THE CANNES FILM FESTIVAL , May 12-23
For more on the Cannes festival, see John Harkness's daily reports and reviews at www.nowtoronto.com Rating: NNNNN
Cannes - The most memorable sight of the festival may have come on the penultimate evening, when Michael Moore , fresh off a plane from the States, stood on the stage of the Grand Théâtre Lumière to accept the Palme d'Or for Fahrenheit 911 and gasped, "What have you done? I'm completely overwhelmed by this. You have to understand, the last time I was on an awards stage... all hell broke loose." Moore's not-so-oblique reference was to the the last time he denounced Bush and his "phony war" at the Oscars, while said war was in progress and some people still believed that Saddam had weapons of mass destruction. It did not go over well.
This was a very interesting festival, representing program director Thierry Frémaux 's first year in full control. The mandarin Gilles Jacob , now festival president, controlled the Palais screens for years. One difference was evident during the walk-up each evening to the Grand Théâtre Lumière. Jacob is a formal handshaker. Frémaux's a hugger.
After last year's disastrous Selection, which had veteran Cannes attendees searching their memories for as bad a year in the past (it was certainly the worst of my 16 years here), the 57th marked a return to quality.
No film jumped out as an obvious Palmaire, although there were strong opinions in favour of both Walter Salles 's The Motorcycle Diaries (a portrait of Che Guevara as a brooding young hunk) and Wong Kar-wai 's long-delayed 2046 , which An-Nahar's Joumane Chahine called "In The Mood For Love meets Last Year At Marienbad." Neither film picked up a prize Saturday night.
With Quentin Tarantino heading the jury, one hoped for something in the Selection as epochal as Pulp Fiction, but we had to be satisfied with some quieter pleasures.
There was the Ecuadorian film Cronicas , with John Leguizamo ; Geoffrey Rush 's fascinating interpretation of The Life And Death Of Peter Sellers ; the exquisite spectacle of Zhang Ziyi 's "echo game" in Zhang Yimou 's House Of Flying Daggers ; and the savage melodrama of the Korean film Old Boy , which arrived with the perfect jury in place and walked away with second place, the Grand Prix, when the persistent images on CNN every day made Fahrenheit 911's win almost inevitable.
Personally, I don't think Moore's latest is as audacious a piece of filmmaking as Bowling For Columbine. A rather snippy French critic dismissed it as "not filmmaking, merely a reportage. " But a jury's gotta do what a jury's gotta do.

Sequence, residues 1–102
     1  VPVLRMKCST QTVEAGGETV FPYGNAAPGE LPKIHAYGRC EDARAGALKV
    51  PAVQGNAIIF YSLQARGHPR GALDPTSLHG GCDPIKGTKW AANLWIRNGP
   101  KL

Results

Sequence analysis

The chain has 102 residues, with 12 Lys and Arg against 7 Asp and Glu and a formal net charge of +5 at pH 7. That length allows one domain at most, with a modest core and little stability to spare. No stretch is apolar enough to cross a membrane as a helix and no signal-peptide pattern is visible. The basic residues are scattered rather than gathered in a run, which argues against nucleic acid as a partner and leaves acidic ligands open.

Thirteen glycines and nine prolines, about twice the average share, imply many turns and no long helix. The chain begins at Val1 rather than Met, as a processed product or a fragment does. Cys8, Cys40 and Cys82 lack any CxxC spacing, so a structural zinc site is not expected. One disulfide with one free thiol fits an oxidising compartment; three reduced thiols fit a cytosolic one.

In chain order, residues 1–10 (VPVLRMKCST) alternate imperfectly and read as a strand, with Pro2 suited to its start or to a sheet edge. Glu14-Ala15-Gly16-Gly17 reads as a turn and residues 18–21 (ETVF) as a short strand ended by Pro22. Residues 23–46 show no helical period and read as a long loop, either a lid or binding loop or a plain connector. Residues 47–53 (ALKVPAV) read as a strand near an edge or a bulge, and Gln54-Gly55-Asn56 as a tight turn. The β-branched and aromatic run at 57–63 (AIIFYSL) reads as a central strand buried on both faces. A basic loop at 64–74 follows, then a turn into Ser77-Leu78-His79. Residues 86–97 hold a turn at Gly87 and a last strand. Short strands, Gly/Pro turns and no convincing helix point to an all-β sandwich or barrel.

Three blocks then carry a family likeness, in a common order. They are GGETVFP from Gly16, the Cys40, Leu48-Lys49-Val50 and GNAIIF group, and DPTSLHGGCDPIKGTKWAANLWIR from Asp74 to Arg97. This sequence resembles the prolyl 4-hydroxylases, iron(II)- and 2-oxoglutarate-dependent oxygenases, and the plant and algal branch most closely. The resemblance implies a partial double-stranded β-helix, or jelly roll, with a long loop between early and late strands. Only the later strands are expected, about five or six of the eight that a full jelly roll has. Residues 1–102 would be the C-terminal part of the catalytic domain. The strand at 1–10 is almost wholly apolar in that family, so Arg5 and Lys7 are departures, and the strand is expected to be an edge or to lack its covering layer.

I live in awe of critics who can walk into Cannes, or any other festival, and after a couple of days pick out the big theme. Three movies about the hard world of prostitution? At least four pictures involving the sexual abuse of children. There's a trend.
But the trends are that stuff I keep skipping because I'd rather see something in another section that has the promise of guns or car chases or lots of footage of Thailand jungles. Boy, was that one a mistake. Tropical Malady , the first-ever Thai entry into the Competition, picked up the Jury Prize, leading to a cascade of boos from the press audience watching the awards on closed circuit.
The second most memorable moment of the festival came on the last day. Tarantino got up on the stage of the Salle Debussy to introduce a more or less complete Kill Bill , including an intermission, all the bits the MPAA demanded he snip to get an R (rather than an NC-17) rating, the entire House of Blue Leaves battle in colour (the North American version goes to black-and-white at the midpoint on the theory that non-elective amputations and arterial sprays are somehow less offensive if they aren't glaring red) on a really, really big screen.
Palme d'Or Fahrenheit 911, Michael Moore (U.S.)
Grand Prix du Jury Old Boy, Park Chan-wook (Korea)
Prix du Jury Irma P. Hall for The Ladykillers; Tropical Malady, Apichatpong Weerasethakul (Thailand)
Actors Maggie Cheung for Clean, (France/Canada); Yuuya Yagira for Nobody Knows (Japan)
Screenplay Jean-Pierre Bacri, Agnés Jaoui for Comme Un Image (France)
Director Tony Gatlif for Exiles (France)
Camera d'Or Or, Karen Yedaya (France/Israel)
Writing this, I just realized that every film France had in the competition picked up a prize. The jury members were certainly good guests.